Is Lead In Drinking Water a Big Problem?

Lead water

YES! Lead is a big problem, especially for families living in older neighborhoods. There has been a lot of attention on lead in drinking water due to the cases in Flint Michigan and Chicago Illinois. The only way to know for sure if lead is in your water is to have it tested by an independent, certified laboratory.

What is lead?

Lead is a toxic metal that was used in pipes for many years. Even at low levels, lead may cause a range of health effects including behavioral problems and learning disabilities. Children six years old and under are most at risk because this is when the brain is developing. Older neighborhoods may have lead pipes that are used to bring water from the main service line into the home. A prohibition on lead in plumbing materials has been in effect since 1986.

What are lead’s health effects?

Infants and children who drink water containing lead in excess of the action level could experience delays in their physical or mental development. Children could show slight deficits in attention span and learning abilities. Adults who drink this water over many years could develop kidney problems or high blood pressure.

How does lead get into my drinking water?

Lead enters drinking water through corrosion of plumbing systems; and erosion of natural deposits. Lead leaches into water through contact with the plumbing and through corrosion – a dissolving or wearing away of metal caused by a chemical reaction between water and plumbing. Lead can leach into water from pipes, solder, fixtures and faucets and fittings. The amount of lead in your water also depends on the types and amounts of minerals in the water, how long the water stays in the pipes, the amount of wear in the pipes, the water’s acidity and its temperature.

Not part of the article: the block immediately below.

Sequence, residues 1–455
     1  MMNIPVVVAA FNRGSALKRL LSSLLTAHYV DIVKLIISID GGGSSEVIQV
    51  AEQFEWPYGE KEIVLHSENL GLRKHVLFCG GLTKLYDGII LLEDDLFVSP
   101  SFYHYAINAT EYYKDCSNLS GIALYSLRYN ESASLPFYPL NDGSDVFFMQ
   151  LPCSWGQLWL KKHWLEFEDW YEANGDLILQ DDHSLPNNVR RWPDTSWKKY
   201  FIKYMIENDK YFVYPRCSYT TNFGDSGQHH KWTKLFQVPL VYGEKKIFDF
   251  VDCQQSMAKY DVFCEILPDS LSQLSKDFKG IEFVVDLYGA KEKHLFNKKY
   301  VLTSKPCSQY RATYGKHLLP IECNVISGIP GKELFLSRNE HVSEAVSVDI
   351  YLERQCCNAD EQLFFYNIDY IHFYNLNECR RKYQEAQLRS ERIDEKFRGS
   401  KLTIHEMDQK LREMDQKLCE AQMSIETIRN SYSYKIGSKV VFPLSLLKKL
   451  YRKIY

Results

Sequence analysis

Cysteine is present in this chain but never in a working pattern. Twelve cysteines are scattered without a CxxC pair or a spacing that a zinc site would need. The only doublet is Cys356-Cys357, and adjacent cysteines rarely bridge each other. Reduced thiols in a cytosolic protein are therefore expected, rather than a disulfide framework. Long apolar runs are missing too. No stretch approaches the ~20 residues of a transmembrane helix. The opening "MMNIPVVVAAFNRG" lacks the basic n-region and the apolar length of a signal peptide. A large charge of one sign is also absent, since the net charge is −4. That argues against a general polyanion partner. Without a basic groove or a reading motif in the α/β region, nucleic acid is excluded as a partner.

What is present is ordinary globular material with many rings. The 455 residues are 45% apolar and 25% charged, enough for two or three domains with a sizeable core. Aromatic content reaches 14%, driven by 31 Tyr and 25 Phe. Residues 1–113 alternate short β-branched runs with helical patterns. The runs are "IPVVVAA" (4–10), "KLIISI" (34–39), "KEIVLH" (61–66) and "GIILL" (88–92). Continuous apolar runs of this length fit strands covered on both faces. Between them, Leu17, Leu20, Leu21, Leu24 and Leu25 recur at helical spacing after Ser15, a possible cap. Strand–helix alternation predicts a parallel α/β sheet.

EPA estimates that 10 to 20 percent of human exposure to lead may come from lead in drinking water. Infants who consume mostly mixed formula can receive 40 to 60 percent of their exposure to lead from drinking water.

What About Free Test Kits Available at the Store?

Beware of anything that says “free”. These samples are typically checked with an inaccurate test strip or other screening procedure and not analyzed by a certified lab using EPA approved methods. Furthermore, companies that offer these tests are usually trying to sell you an expensive water treatment system.

How Can I Test my Water for Lead?

Drinkingwaterlabs.com makes it easy. Simply order the test kit from our website and we will send you a sample bottle and simple collection instructions.

Order your test kit today.


Older Post Newer Post